Tuesday, 3 May 2016

Are We Listening to Our Children? Part 2

Listening
This blog post originally published on the Advice 4 Parenting blog.  My ebook Affirmations for Parents describes ways parents can improve communication with their children. 

Are We Listening to Our Children?

I was speaking with a youth worker not too long ago who said that many parents have no idea what their children are getting up to, They send their children to school, to church or to the youth club, and they think their kids are okay, but they really don't know what their children do once they leave their sight.

This put me in mind of my church's group for young people, which I had attended as a teen. The group had a good reputation for being a place where teens could talk about what was on their minds. Youngsters would come from miles around to take part on Sunday mornings, even if they had no other involvement with the church.

I remember once saying to my mother, who was an elder of the church, that some of the young people were in gangs, or had friends who were gang members. She dismissed this, saying, “”Nobody at that church is in a gang”.

When you don't listen to your child and pay attention to what's on her mind, what matters to her, you miss an opportunity to bond with him or her.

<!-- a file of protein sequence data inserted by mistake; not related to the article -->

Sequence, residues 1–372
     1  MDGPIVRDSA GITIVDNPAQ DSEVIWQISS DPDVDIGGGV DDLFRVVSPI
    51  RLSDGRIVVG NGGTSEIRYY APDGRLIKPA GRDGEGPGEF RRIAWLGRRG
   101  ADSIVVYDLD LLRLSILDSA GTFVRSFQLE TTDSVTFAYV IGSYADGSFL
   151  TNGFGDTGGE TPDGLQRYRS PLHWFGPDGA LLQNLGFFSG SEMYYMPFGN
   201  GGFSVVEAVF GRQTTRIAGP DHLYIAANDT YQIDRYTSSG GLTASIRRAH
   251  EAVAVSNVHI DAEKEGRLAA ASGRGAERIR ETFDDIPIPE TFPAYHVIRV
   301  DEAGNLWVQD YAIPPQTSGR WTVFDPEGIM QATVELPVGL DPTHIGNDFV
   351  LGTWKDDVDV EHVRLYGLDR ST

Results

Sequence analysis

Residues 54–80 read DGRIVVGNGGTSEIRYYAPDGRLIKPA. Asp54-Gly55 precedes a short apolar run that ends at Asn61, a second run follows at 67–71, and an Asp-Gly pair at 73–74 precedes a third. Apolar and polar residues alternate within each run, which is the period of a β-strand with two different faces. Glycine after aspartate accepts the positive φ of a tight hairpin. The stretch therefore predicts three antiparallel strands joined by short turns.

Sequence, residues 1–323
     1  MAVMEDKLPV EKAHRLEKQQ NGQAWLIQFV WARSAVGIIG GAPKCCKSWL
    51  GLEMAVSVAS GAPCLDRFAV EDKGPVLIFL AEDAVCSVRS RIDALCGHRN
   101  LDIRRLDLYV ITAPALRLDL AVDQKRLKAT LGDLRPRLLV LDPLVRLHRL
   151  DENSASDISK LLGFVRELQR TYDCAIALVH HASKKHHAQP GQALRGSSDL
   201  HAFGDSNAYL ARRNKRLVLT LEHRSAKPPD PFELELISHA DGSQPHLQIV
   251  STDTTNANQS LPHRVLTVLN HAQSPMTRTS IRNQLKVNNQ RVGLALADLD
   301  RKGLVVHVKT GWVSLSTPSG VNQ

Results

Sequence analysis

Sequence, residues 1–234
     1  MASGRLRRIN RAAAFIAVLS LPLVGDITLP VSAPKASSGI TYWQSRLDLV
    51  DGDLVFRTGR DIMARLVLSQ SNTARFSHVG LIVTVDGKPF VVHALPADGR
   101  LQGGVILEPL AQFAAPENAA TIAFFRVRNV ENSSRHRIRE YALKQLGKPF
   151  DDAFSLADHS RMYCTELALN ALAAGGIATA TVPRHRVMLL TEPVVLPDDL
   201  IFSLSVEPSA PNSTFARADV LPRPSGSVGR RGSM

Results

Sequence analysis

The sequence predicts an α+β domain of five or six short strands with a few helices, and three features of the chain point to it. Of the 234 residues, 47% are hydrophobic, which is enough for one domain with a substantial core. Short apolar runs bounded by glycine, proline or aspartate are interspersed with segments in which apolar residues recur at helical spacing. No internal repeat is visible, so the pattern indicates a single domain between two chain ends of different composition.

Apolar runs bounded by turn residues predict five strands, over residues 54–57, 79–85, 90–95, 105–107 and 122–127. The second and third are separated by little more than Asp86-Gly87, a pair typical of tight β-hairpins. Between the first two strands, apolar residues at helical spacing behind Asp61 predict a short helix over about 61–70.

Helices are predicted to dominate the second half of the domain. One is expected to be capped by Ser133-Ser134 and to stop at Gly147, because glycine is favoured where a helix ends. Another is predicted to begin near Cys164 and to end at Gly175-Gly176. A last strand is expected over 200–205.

Young people want to connect with their parents and share what is of value to them, Every time you avoid listening to your child, you miss what could potentially be an wonderful chance to strengthen your parental bond. Even if you don't agree with what he is saying, it is important that you show an interest in what your child cares about.

You may also miss the chance to address a very serious issue. I recall another woman, who worked with a group of teens, saying that her organisation was working on a project about sexual assault, and how to make the youngsters aware of the need to protect themselves. One day, her own daughter told her she had been assaulted by the mother's boyfriend some years earlier. When the mother said, “Why didn't you tell me?”, the daughter replied, “I did. You told me to wash”. The mother was obviously devastated by this.

Busy, stressed parents may be in denial about their children's activities, and even about threats they may be vulnerable to. When we make time to listen to our children, we have the chance to understand what is really on their minds. 

Zhana is a writer, publisher and Transformational Growth Consultant. Her new ebook, Affirmations for Parents, gives practical suggestions of how to have brilliant communication between you and your child. You can download it from: http://tinyurl.com/m4zwlxy

Click here for Part 1 of Are We Listening to Our Children

Please share this with your networks, and please leave your comments below.  Thanks.
 

No comments:

Post a comment